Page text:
- 1 medium onion, finely minced
- 1/4 cup extra virgin olive oil
- 1 1/2 cups long grain white rice
- 1 1/4 cup stock*
- 1/2 cup pine nuts, toasted and roughly chopped
- 1/2 cup fresh minced dill
- 1/4 cup fresh minced mint
- 1 tbsp lemon zest
- 2 tbsp freshly squeezed lemon juice, divided
- sea salt, to taste
- freshly ground black pepper, to taste
To make the filling, heat a deep-sided fry pan or medium pot, over medium heat. Once hot, add the oil, followed by the onions. Let cook for approximately 8 to 10 minutes, or until soft and translucent.
Next, add the rice to the pan and stir to coat the rice in the oil and onions. Let cook for about a minute and then add the stock. *Note: It is best to use a yellow, or light-colored stock for the dolmades as to not affect the color of the final dish. You can make your own quick stock using this Faux Chicken Bouillon Powder.
Bring to liquid to a quick boil and then lower the heat and let the rice simmer, uncovered, for about 10 to 15 minutes, or until the liquid has been absorbed and the rice is still a bit al dente/undercooked. DO NOT fully cook the rice, or it will be mushy once the dolmades are fully cooked. Less is more for rice. Once done, remove the pot from heat.
Lastly, add the pine nuts, dill, mint, lemon zest, and fresh lemon juice to the rice and stir to combine the ingredients. Season to taste with salt and pepper. Let the mixture cool to room temperature.
- 50 + large grape leaves (fresh or jarred)
To start, bring a large pot of salted water to a boil. As the water heats up, trim the grape leaves by cutting the stems off, so that they are flush with the leaves. Trim any large, hard veins from the leaves. Place the leaves in the boiling water and let cook and soften for 3-5 minutes, or until they are very pliable. Note that fresh leaves may take a bit longer to soften than jarred leaves.
Once done, drain the leaves and place them in an ice bath. Drain, rinse again and then pat the leaves dry.
To assemble the dolmades, place a grape leaf shiny or smooth side down —the bumpy or veiny side should be facing you — onto a flat surface or cutting board.
Next, place a tablespoon or so of the rice filling at the base of the grape leaf, near where the stem would have been. To roll the dolmades, fold the stem end up over the filling and then fold the outer edges of the leaf inward. Continue rolling the leaf until it forms a nice neat roll. Be sure you do not, roll the dolmades too tightly; the rice will expand a bit during cooking, so you do not want the dolmades to burst or unravel the leaves, by being rolled too tightly.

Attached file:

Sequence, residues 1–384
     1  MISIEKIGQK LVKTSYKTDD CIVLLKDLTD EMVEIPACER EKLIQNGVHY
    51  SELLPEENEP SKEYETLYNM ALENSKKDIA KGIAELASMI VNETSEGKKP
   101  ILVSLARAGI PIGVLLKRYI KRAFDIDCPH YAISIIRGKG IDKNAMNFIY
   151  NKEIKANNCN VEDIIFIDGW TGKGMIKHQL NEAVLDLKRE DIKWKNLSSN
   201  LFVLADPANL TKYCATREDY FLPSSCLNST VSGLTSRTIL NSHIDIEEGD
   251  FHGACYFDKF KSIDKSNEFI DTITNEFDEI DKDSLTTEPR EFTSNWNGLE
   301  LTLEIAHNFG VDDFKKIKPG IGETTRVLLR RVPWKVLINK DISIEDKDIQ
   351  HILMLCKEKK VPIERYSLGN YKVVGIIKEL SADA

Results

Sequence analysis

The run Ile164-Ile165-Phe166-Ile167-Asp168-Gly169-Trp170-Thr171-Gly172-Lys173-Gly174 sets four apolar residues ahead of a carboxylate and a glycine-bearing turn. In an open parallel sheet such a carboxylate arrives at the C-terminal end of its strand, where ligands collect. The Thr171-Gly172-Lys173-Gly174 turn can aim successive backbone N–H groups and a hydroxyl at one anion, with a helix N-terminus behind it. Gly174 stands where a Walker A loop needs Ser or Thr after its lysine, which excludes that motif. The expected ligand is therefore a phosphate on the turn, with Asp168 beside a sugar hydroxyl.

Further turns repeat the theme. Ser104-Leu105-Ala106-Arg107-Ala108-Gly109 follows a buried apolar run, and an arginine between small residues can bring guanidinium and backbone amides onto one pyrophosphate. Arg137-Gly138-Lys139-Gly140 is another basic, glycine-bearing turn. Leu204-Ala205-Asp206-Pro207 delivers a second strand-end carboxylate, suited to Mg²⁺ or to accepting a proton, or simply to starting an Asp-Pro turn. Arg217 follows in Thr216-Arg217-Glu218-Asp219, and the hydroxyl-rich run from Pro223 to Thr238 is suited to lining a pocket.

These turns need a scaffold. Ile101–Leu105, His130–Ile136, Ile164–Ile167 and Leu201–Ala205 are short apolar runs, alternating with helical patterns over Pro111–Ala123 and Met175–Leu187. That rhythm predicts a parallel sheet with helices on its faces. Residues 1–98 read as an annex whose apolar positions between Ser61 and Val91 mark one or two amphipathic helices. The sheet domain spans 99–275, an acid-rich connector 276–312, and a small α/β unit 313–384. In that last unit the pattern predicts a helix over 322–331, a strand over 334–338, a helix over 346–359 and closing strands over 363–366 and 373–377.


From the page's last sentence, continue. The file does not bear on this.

As you roll the dolmades, place them fold-side down into a deep-sided pan. Note: If you find any leaves that are damaged, place them on the bottom of the pan you are going to cook the dolmades in. This will create a nice bed for the dolmades.
Continue to roll the dolmades, until all of the filling has been used. Don’t be afraid to pack the leaves snugly; this will help keep them intact as they cook. If needed, make a second layer on top of the first layer of dolmades.
- 1 to 1 1/2 cups vegetable stock
- 1/4 cup extra virgin olive oil
- 1/4 cup fresh lemon juice
To cook the dolmades, pour the stock, olive oil, and fresh lemon juice over-top of the grape leaves. Note that the liquid should come up at least 3/4’s of the way up the dolmades.
Heat the pan over medium heat until it just begins to simmer. Do not let it boil; otherwise, the dolmades may start to fall apart.
Next, turn heat to low and place an inverted, heat-safe plate, on top of the dolmades to weigh them down.
Cover the pot. Let the grape leaves cook for 40 to 60 minutes. The dolmades are done when the rice is fully cooked and the grape leaves are nice and tender.
- lemon wedges, for garnish (optional)
- Dairy-Free Tzatziki (optional)
- Hummus (optional)
Dolmades are typically served warm, room temperature or cold, with either a squeeze of fresh lemon juice.
Any leftover dolmades will keep for about a week in the refrigerator. If desired, pour a bit of olive oil and lemon juice over the dolmades to help keep them from drying out. For longer storage, they can even be frozen before cooking.